Victoria Line turns 50

It is inconceivable that this month the London Underground Victoria line will have been running for five decades. That’s half a century. Who would have imagined that when it was constructed in the 1960s, that it would still be going strong and going to be celebrating its fiftieth anniversary this year? Fifty years ago, construction was undertaken between the first section from Walthamstow Central to Highbury and Islington. As the demand for commuting increased, the later stations to Brixton were gradually added. The construction link from a Highbury to Kings Cross was an important one as it allowed interchange between different lines and transport links between various parts of the capital and definitely opened up sections of the country. You could work in the busy City and live in the quiet suburbs. And to celebrate this eventful date, let us ask, what are the treasures you can see if you decide to take the line southwards?

One little gem can be found a short walk away from the northern end point of the line. Just a stone’s throw away from Walthamstow Central station is the Vestry House Museum. The museum itself used to be a workhouse and gives you an insight into what Victorian life might have been like. The building, built in the eighteenth century, is a rich display of local history. The costume gallery is one where you could spend a lot of time in. Best of all, you can enjoy the place and what it offers because it’s free! It is certainly a good place to take the kids on a rainy day.

Tottenham Hale offers a good place to be if you happen to be a nocturnal person. If you’re only starting to wake up when the night begins, then why not bring your dancing shoes to Styx? It has a good music scene, and has developed reputation for being a venue with edgy music. No one can accuse it of being monotonous! It is certainly not boring and you will be entertained! Head there via Tottenham Hale for a guaranteed good night out there. They run different club nights and also have alternative theatre shows, all nicely complemented with possibly the tastiest pizza on the whole blue line.
A few stops further down the line from Tottenham Hale will take you to Finsbury Park. To previous generations Finsbury Park was formerly known as Brownswood Park, when it used to come under different governance. When the weather is good, the park is a glorious place to head for and to bring the kids to, for the reason that are many playgrounds for them to enjoy playing at, and even a water fountain.

You might consider yourself fortunate if you live around the Finsbury Park area – after all, it is one of the established places with good transport links. You get the Piccadilly and Victoria line, National Rail services and if you need the London Overground you can get it at the next stop of Highbury and Islington. Around Finsbury Park, there are places to eat, gyms, and other places for artistic and health development. Finsbury Park had established itself as a sort of arts hub. If you are looking to start music lessons like learning the piano, you might want to get in touch with a Finsbury Park or Hornsey piano teacher. Playing the piano can offer you enjoyment and you learn skills that last your lifetime!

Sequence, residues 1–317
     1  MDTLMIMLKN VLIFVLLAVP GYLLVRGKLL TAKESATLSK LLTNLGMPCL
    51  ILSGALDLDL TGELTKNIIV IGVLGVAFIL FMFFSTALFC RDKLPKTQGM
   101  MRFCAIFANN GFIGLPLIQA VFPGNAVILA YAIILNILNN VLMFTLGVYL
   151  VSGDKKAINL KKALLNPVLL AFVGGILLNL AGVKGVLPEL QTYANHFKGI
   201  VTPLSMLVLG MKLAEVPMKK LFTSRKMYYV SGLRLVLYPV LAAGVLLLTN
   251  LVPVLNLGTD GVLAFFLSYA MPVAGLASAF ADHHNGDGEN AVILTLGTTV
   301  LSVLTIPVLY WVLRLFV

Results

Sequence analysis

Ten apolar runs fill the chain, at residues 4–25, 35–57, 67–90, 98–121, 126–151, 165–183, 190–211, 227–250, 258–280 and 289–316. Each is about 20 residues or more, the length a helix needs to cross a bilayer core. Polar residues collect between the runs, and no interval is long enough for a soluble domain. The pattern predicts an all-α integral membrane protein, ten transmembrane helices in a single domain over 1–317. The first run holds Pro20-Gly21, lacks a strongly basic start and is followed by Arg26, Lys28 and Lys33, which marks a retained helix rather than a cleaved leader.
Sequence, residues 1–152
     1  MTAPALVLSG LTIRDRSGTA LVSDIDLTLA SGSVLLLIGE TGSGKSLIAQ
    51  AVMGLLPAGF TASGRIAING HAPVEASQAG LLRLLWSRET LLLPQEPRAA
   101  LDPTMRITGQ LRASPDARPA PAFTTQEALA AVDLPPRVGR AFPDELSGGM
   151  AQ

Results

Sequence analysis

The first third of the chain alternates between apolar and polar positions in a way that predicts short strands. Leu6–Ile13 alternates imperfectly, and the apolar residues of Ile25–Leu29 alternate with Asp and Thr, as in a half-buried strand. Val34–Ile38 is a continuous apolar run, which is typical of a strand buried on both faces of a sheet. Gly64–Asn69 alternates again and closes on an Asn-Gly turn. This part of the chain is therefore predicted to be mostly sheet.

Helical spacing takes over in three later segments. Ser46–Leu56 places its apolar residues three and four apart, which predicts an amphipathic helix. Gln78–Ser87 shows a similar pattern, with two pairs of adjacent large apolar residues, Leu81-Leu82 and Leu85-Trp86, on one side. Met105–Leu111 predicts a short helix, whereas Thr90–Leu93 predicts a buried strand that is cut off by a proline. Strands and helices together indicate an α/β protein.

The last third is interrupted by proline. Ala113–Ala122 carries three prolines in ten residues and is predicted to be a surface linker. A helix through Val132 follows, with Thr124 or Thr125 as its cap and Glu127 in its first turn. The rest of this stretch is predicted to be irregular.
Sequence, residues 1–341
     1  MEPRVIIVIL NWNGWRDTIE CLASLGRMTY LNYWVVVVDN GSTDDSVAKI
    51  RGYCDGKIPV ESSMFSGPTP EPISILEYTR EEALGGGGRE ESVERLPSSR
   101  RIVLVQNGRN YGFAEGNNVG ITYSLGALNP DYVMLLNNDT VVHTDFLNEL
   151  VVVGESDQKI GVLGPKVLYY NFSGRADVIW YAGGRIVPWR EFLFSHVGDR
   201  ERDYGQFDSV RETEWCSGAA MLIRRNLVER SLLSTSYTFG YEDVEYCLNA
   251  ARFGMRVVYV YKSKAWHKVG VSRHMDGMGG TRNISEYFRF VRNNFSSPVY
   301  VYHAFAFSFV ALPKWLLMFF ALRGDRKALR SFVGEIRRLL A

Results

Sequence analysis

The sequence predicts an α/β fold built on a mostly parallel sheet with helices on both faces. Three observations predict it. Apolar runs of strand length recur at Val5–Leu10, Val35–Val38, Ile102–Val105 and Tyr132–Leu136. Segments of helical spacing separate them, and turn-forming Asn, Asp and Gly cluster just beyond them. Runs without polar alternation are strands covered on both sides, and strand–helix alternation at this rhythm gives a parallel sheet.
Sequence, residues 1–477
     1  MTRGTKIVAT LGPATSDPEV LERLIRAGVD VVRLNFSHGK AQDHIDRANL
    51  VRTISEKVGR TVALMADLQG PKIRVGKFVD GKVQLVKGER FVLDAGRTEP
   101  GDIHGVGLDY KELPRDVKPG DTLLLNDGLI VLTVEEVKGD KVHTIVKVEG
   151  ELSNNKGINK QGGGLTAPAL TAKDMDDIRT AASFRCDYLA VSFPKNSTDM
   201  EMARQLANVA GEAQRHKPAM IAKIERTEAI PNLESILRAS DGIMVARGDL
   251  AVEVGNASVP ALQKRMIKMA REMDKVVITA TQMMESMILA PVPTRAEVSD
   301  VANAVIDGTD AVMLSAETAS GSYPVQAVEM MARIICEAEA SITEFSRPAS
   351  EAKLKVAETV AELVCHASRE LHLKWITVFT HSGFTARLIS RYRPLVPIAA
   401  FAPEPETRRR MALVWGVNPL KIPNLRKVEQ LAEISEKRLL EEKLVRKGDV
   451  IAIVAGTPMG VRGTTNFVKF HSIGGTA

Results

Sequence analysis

Your passion and what it can do for you

Teenagers are a very strange lot. Do you have a teenager about in the house? Or maybe you have two or more? Either way, you can observe a very strange set of behaviour manifesting itself at various points in the year. Ask a teenager to get up of their free will, and frequently you will find that many of them have a struggle. They get to school late and can’t get up on time. They complain about how little sleep they have had. They are late to school. Yet in the school holidays, you will find that they get up earlier in the mornings than they would have if they had school, possibly because they are keen to use their free time to go out with friends. Or maybe they may have gotten up early despite going to bed in the wee hours of the morning because they want to resume what it is that they were doing before they went to bed. It may be an Instagram chat. It may be a computer game. But what this all points to is that when there is something worth waking up for, we will all do our damnednest to get up for it.

What can adults take from this? Some suggest that one lesson we can all learn is that we should all have meaningful jobs, ones that we can get excited about. Perhaps it is making a change in someone’s life, as a teacher or a counsellor. Maybe it is one that gives us a sense of purpose, like a research scientist working on stopping cancer. Or maybe it is one what allows us to have most impact, and control, such as in influencing the world around us and giving us a sense of being in touch with the real world.

So work on finding that dream job, one that gives you purpose in life. When you have that purpose, it will sustain you and give you meaning and will to get up in the morning!